Believe it or not, many people don’t like workbooks. In the homeschooling universe at least, these innocent little activity books often receive a bad rap. Filled with what many parents call “busy work”, workbooks have earned the reputation of not teaching a whole lot. And though they may be fun, homeschoolers sometimes avoid them, considering the activities a useless waste of time.
But what about worktexts?
Worktexts, on the other hand, do some teaching. Though they’re filled with activity pages, the pages follow a lesson of some kind. Thus, worktexts contain pages with a purpose — pages designed to reinforce some concept introduced earlier.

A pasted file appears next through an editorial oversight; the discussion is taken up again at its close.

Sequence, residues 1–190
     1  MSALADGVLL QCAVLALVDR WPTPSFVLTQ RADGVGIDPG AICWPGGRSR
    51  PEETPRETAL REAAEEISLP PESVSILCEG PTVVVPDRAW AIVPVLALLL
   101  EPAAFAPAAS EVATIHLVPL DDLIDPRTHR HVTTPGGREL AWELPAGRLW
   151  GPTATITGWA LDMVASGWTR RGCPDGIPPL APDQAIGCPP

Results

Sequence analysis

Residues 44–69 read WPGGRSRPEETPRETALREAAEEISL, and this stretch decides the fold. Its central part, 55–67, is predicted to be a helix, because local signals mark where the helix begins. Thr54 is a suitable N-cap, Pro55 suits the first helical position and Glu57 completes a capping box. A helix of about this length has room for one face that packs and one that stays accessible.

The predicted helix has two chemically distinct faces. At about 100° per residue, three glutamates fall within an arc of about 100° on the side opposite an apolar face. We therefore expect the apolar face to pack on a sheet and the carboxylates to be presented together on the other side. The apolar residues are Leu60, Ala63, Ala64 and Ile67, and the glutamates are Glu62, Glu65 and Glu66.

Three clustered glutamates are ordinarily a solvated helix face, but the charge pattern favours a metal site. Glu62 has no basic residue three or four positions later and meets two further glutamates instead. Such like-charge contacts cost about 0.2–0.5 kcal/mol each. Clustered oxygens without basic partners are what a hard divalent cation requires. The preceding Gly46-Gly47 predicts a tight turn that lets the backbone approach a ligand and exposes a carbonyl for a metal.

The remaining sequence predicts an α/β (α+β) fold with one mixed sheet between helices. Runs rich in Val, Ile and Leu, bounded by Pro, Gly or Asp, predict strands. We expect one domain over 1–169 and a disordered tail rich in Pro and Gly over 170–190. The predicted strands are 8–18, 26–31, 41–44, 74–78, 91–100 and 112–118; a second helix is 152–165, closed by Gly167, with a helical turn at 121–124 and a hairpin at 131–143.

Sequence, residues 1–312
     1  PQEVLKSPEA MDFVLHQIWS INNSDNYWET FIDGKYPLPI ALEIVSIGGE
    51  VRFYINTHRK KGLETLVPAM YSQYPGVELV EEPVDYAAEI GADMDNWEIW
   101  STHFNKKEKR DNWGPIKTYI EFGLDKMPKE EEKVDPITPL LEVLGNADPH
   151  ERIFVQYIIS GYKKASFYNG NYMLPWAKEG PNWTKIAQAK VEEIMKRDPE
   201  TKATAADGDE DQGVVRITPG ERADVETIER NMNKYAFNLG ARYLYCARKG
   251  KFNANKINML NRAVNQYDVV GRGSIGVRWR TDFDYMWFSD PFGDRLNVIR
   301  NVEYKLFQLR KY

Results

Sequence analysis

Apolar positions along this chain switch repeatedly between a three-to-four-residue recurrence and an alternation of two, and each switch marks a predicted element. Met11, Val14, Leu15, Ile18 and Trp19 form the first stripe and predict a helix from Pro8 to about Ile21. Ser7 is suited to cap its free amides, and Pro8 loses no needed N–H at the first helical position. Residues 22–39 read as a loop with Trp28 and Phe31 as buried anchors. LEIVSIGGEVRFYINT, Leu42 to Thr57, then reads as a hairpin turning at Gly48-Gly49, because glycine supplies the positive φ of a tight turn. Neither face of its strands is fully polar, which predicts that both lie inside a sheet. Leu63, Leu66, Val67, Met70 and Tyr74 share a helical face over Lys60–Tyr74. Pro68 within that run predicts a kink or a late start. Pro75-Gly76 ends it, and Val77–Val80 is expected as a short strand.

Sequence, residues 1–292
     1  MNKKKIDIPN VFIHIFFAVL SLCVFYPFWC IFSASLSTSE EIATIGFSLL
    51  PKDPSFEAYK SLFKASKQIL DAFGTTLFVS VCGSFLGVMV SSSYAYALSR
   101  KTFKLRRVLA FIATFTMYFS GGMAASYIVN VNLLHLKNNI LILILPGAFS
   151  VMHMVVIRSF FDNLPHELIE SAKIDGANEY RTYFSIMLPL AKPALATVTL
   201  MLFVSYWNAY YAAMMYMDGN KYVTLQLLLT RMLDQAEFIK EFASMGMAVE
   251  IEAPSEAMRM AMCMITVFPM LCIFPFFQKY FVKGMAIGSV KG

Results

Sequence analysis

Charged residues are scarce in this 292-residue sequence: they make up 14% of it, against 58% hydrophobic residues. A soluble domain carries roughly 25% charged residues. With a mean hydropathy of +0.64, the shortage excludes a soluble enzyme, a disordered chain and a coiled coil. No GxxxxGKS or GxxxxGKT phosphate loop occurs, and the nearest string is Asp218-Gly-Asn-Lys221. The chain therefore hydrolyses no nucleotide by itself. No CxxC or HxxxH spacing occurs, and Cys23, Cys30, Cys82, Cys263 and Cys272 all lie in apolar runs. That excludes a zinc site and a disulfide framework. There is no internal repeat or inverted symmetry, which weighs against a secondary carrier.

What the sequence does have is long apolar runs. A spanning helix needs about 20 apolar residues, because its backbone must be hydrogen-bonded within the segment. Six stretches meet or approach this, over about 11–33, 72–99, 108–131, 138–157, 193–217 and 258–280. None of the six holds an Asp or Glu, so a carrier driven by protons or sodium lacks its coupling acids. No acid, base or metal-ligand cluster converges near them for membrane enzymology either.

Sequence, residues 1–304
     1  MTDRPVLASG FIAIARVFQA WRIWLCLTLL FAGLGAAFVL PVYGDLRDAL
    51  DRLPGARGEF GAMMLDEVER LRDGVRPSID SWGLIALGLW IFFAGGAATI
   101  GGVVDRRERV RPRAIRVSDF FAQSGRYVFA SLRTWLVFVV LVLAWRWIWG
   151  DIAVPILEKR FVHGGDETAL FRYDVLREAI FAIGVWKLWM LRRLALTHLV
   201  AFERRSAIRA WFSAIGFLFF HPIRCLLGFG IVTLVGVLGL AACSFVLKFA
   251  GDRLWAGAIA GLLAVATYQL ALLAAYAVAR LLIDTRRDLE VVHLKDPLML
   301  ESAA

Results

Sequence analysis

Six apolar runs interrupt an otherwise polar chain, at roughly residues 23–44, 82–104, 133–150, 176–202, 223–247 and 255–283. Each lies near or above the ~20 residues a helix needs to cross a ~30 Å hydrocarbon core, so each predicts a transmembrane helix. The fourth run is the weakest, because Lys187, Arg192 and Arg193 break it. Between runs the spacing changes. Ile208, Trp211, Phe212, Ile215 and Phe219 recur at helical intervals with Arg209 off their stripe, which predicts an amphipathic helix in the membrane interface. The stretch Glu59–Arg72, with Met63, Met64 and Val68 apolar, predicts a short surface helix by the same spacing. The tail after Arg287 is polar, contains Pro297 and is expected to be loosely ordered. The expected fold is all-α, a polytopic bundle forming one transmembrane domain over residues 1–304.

For this reason, while they may look alike, workbooks and worktexts are actually quite different. Usually done in paperback and frequently inexpensive, both tend to be colorful and fun-filled, not to mention easy to tote in the car or the backpack, ready for when students need just a little something to do.
But worktexts are more than just busy work. Since they offer lessons, time spent with worktexts can be valuable, depending on the worktexts and student, of course. Parents can feel better about using worktexts because the activities, though they may not alway comprise an entire course in a subject area (though many do) or may be organized somewhat randomly, there is a considerable amount of teaching going on. And that’s always better than no teaching at all.
When shopping for workbooks or worktexts, make no apology. In my opinion, there is a time and place for both of kinds of resources. For homeschooling parents on the fence, however, worktexts may be the better option.
Check out just one of many worktexts you can purchase here.
Check your local retailer or school supplier to shop for workbooks.